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Indochinese Border
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The Shan States 1942-45
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The Northern Campaign

A RTA Type 95 Ha-Go on the advance in the Shan States, 1942.

5 May 1942 from Foreign Minister (Tokyo) to Japanese Ambassador (Bangkok), No. 575

According to a message received from our Military Attaché in Bangkok, PHIBUN, who for some time has been complaining that to leave the Thai army which has been stationed on the north border to face the coming rainy season with no activity in view, would result in the incease in unrest, in the discontented parties in Thailand, and especially among the Military, which might even become the cause of making his own position insecure, requested the following of our Attaché on April 30th.

  1. He wishes at this time to immediately carry out an attack in the northern territory east of the SALWEEN RIVER and advance to the Chinese border.
  2. He believes that the Thai Army can make an attack on the Chinese army here with no assistance, and that it is not necessary for them to wait on shipment of armanent from Japan, that they can start operations immediately.
  3. After the war he wishes that we give the Thais the territory east of the SALWEEN RIVER.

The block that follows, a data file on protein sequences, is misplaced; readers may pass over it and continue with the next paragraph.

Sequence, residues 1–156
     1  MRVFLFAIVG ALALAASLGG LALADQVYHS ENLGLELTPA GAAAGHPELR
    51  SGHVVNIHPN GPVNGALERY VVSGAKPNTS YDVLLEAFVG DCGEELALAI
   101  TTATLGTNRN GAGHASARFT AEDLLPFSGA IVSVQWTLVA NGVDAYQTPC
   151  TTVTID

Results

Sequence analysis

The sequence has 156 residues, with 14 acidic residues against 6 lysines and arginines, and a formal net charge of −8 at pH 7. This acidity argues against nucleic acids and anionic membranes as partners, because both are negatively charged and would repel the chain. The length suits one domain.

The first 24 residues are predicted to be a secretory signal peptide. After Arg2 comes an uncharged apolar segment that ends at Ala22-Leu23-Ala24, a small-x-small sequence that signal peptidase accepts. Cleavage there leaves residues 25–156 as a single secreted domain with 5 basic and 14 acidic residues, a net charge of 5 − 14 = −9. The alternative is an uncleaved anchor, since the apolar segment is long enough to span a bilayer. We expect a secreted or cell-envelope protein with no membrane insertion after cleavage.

In regard to the above the Attaché said that according to the published statement of TOJO (Burma) was to be given independence in the future and so to make this area a part of Thailand would be very difficult.

PHIBUN said, in that case could not this area be made a small independent country like Luxemburg.

The Attaché's opinion in regard to the above it might be well to give the area north of the SALWEEN RIVER to Thailand, or even if it were made an independent country as PHIBUN suggested there would be no complaint. In either case though as far as PHIBUN is concerned, if the Army which he has transferred for the attack and which he says is ready to carry out an independent offensive is not used at this time for that purpose before they lose their spirit, there is great danger that the discontent generated may be as to threaten the existence of the PHIBUN administration.

I think this matter might well be handled as a joint Japanese-Thai Campaign and as PHIBUN and the Military Attaché there have talked, the matter of restoration of territory will have to be handled as a separate problem. It will be necessary for us to consider the problem of restoration of territory together with our policy toward Burma. So please keep this matter secret to yourself, ascertain in some secret manner just how much fever PHIBUN has for this matter, and wire by return dispatch.




© 2004-2006 P. Klykoom